The Book ‘Maria Edgeworth’s Letters From Ireland’ written by Valerie Pakenham was published January 1, 2018 which was the 250th anniversary of the birth of Maria Edgeworth.
Maria Edgeworth’s posthumous fame has dwindled and only her first novel, Castle Rackrent (1800), a brilliant burlesque account of the Irish squirearchy, is still widely read. She was, however, a prolific and fascinating letter writer. She insisted that her letters were for private consumption only, but after her death, her stepmother and half-sisters produced a private memoir for friends using carefully selected extracts. Their literary quality was spotted by Augustus Hare, whose shortened version, The Life and Letters of Maria Edgeworth, appeared in 1894.
In the 1970s Maria’s great great niece, Christina Colvin edited Maria Edgeworth’s Letters from England and Maria Edgeworth in France & Switzerland. No one, however, has revisited fully Maria’s original letters from the place she loved and knew best: Ireland. From 1825, Maria’s letters reflect sixty years of Irish history, from the heady days of Grattan’s Parliament, through the perils of the 1798 Rebellion to the rise of O’Connell and the struggle for Catholic Emancipation. In old age, she worked actively to alleviate the Great Famine and wrote her last story to raise money aged 82. A treasure trove of stories, humour, local and high-level gossip, her letters show the extraordinary range of her interests: history, politics, literature and science.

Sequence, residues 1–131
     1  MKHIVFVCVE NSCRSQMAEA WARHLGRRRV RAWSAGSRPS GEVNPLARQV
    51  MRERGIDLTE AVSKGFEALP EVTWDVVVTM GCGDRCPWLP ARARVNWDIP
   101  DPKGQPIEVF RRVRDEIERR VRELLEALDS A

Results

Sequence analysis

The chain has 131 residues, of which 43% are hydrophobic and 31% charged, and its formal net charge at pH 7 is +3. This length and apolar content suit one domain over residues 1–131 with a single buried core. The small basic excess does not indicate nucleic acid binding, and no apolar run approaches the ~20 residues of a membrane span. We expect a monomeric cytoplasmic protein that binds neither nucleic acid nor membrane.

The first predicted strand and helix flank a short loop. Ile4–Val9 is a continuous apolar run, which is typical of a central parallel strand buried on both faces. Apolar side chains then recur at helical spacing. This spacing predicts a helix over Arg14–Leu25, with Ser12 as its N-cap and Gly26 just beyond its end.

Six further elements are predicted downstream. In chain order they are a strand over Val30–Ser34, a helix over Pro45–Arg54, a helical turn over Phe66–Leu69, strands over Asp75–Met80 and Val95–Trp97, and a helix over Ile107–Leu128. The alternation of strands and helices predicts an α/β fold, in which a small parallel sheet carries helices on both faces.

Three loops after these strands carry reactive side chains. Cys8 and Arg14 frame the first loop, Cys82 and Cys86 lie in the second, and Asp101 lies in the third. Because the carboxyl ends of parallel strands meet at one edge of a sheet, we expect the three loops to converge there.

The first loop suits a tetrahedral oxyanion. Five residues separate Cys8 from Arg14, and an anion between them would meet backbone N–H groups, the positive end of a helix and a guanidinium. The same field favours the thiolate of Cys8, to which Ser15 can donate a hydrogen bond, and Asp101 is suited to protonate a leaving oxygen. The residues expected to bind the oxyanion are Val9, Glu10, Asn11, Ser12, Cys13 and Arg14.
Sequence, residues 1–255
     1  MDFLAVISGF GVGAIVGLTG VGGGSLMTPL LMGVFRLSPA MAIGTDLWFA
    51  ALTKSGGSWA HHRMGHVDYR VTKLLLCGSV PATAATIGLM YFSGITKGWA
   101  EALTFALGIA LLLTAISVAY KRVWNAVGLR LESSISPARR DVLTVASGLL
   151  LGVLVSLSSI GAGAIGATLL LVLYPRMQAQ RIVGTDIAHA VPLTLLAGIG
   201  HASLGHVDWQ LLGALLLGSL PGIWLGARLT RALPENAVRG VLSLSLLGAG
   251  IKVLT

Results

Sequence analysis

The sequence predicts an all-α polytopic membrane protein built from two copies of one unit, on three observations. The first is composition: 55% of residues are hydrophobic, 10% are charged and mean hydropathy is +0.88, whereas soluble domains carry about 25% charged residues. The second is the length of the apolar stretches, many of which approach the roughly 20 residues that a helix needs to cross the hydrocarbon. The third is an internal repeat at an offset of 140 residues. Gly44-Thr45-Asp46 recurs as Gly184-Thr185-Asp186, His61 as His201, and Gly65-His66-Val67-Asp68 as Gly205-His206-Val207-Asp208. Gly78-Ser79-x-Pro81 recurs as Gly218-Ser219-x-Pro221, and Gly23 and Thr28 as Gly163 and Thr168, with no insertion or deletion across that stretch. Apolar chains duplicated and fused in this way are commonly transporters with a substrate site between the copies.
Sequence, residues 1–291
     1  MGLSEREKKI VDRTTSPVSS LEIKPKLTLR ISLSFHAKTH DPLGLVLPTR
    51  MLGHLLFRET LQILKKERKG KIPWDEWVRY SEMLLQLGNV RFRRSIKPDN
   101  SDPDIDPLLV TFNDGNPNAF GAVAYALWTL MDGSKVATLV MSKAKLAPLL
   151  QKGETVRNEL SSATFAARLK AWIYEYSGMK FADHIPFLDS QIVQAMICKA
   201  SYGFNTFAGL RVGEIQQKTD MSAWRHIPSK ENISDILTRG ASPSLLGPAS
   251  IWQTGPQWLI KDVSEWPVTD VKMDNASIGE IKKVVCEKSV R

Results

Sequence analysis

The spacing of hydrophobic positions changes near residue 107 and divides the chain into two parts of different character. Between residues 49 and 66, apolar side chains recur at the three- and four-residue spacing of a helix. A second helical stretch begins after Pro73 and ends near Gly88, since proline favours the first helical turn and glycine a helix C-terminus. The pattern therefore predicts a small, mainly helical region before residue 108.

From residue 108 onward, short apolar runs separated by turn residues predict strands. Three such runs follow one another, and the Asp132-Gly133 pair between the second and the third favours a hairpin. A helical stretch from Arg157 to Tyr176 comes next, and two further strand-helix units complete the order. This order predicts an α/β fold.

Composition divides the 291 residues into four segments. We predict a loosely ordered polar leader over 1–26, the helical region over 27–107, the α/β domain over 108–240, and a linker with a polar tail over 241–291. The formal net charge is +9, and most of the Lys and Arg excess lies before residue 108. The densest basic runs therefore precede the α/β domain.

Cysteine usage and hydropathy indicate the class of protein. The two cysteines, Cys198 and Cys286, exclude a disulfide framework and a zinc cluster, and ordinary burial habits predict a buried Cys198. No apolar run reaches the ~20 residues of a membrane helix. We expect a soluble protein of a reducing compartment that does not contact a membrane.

Maria almost single-handedly took over the management of her family estate and restored it to solvency. Her later letters brim with delight at these practical undertakings and her affection for the local people she worked with. Two of her half-sisters and her stepmother were gifted artists, and Valerie Pakenham has been able to use many of their unpublished drawings and sketches to illustrate the Book ‘Maria Edgeworth’s Letters From Ireland’.